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5 Ecommerce tools for Small business

Picking the right e-commerce platform


Every year, more and more small- and medium-sized businesses make their products available to buy online to remain competitive in a sharp-elbowed sales environment.

After all, why shouldn’t they? Three quarters of people admit to shopping online at least once a month while tens of millions of people take part in sales bonanzas such as Black Friday and Cyber Monday every year. So it makes sense that established retailers are set up to make the most of these trends – to find new customers and enjoy an uptick in sales.

For brick-and-mortar SMEs, the road to building an online sales portal can seem long and complicated. But that doesn’t have to be the case. There are now numerous e-commerce platforms that can help you on this journey. Best of all, they’re designed with simplicity and the user experience at their core.

First, let’s understand why you might want to use an e-commerce tool to set up your site rather than building it manually.

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E-commerce platforms: build or buy?

Selling your wares online is as simple as building a website, right? Well, not quite. While the look and feel of your sales site is hugely important for driving purchases, this is only the front end of your operations. In order to effectively accept payments, track sales, manage stock and remain mobile-friendly, it’s key to have to have a fully operational platform that works when you scale from 10 orders a day to a 1000.

In the past, this would have meant contracting a web designer and coder, working with a payments provider to accept different credit cards, selecting and adding a customer relationship management ( CRM ) solution, as well as numerous other elements. Alongside this being time-consuming, doing all of these things manually could be very expensive.

For larger businesses, a custom-built solution might be a good route to take. But if you’re a time-strapped smaller business, you might want to look for a specialised platform that takes care of all these individual processes and functions for you.  

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Below, we’ve handpicked five different options according to what you might need.

Shopify: no coding, no problem

Shopify ticks a lot of boxes, as it assumes no technical knowledge and aims to give its users everything they could need in one platform. It provides a wealth of website design templates, which can be modified with no prior coding skills necessary, and boasts plenty of payment providers – like PayPal and Stripe – more so than any other platform.  

It’s worth noting that while Shopify’s pricing works on a tier structure, you have to pay extra for certain elements and pay commission in certain scenarios. So, do make sure you’ve accounted for this when budgeting.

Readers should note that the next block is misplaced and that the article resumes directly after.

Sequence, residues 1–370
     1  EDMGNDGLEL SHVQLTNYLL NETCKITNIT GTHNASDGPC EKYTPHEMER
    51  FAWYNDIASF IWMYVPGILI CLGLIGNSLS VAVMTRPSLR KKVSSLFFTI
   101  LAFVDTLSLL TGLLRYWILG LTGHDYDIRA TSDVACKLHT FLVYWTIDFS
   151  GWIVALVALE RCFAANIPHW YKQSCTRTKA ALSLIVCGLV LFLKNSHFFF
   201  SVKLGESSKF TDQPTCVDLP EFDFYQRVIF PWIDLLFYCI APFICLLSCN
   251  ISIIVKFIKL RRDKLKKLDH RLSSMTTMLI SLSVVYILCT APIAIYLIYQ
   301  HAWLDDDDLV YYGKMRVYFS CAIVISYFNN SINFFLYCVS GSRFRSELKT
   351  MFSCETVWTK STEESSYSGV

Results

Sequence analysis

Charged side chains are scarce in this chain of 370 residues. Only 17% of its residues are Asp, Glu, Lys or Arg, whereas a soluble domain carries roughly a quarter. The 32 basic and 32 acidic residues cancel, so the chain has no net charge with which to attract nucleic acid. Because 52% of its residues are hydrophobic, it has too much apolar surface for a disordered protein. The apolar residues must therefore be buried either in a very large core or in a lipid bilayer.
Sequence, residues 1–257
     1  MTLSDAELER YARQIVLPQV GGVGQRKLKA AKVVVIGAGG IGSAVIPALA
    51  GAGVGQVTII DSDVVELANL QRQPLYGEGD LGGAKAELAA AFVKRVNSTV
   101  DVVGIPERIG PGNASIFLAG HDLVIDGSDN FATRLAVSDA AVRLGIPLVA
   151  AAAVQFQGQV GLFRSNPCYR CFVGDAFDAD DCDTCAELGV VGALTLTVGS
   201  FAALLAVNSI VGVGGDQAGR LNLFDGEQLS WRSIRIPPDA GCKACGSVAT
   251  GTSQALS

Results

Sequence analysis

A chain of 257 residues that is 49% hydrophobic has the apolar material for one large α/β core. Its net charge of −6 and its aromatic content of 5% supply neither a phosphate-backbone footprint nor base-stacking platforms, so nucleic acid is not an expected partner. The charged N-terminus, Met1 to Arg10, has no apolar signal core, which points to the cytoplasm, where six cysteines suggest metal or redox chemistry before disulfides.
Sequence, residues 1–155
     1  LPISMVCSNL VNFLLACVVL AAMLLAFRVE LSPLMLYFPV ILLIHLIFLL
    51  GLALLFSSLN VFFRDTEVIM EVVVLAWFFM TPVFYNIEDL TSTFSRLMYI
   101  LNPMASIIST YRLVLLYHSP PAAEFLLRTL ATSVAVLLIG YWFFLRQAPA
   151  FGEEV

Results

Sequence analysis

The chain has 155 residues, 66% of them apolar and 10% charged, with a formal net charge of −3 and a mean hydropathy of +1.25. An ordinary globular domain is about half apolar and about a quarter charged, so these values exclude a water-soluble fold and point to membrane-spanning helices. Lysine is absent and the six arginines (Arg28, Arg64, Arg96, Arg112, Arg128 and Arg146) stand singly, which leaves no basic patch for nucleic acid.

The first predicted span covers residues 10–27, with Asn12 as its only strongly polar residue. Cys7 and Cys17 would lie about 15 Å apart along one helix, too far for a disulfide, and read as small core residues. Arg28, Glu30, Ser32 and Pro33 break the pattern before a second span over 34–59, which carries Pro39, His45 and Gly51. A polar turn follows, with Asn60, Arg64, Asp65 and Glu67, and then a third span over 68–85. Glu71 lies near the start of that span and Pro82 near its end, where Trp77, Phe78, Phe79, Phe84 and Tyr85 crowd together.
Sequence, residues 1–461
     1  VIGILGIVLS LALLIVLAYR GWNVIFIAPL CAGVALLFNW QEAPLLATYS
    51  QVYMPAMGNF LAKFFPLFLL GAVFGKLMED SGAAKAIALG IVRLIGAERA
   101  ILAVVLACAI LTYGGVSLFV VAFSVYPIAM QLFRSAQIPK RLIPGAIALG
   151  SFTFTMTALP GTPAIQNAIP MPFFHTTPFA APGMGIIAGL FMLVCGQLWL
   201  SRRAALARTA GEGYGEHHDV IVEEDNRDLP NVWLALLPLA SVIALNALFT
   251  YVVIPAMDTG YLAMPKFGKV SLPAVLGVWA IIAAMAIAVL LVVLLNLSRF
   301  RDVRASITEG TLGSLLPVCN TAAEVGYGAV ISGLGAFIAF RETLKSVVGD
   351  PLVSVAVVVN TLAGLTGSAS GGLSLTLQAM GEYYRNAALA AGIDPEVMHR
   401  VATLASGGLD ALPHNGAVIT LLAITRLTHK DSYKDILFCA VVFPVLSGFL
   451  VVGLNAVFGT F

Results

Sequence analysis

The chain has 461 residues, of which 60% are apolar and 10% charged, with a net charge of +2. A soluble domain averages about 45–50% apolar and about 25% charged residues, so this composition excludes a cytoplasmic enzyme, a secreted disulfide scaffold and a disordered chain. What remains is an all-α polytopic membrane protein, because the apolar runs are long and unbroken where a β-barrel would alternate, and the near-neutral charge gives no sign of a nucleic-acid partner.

Big Commerce: set for scaling

Similar to Shopify, Big Commerce aims to provide its customers with everything they could need for setting up their online store. While certain elements aren’t necessarily as user friendly as Shopify – such as adding taxes, variants of products or even content such as ‘About us’ pages – it’s designed to scale with you. So as you grow, Big Commerce will come with you for the ride.

PrestaShop: personalise your brand

Unlike Shopify or Big Commerce, PrestaShop can take a little more setting up as its backend is slightly more technical.

This is because PrestaShop is self-hosted and open source, which means you aren’t tied to a particular web hosting provider. The big advantage of this is that you can create a really unique looking website from the start, which is great for brand distinctiveness. Customisability is this platform’s big selling point, but this isn’t necessarily the easiest option for those starting out on their e-commerce journey.

Wix: simple and affordable

Wix has been heavily advertised as a cheap and quick way to start selling products online in the last couple of years. Its e-commerce platform is designed for brand new entrants to the online retailing space, and as such, aims to be very easy to use. It’s also cheaper than others on this list .

For small and medium businesses, Wix is a good option to start selling online. But depending on your growth, you might lack scaling options as you expand your business.

WooCommerce: powerful and customisable

WooCommerce is a WordPress plugin that can transform your website into an impressive online store. Like Prestashop, it’s an open-source solution and is also free – but you will still have to pay separately for a domain name and a hosting service. But as with Prestashop, you’ll need to organise your own hosting, domain, support and other options.

While this may involve a bit more legwork, WooCommerce allows you to choose from a tonne of themes and designs for your site. It also offers a range of plugin and extensions to boost its firepower as you grow. But remember, this isn’t necessarily the easiest option if you are totally new to this space.

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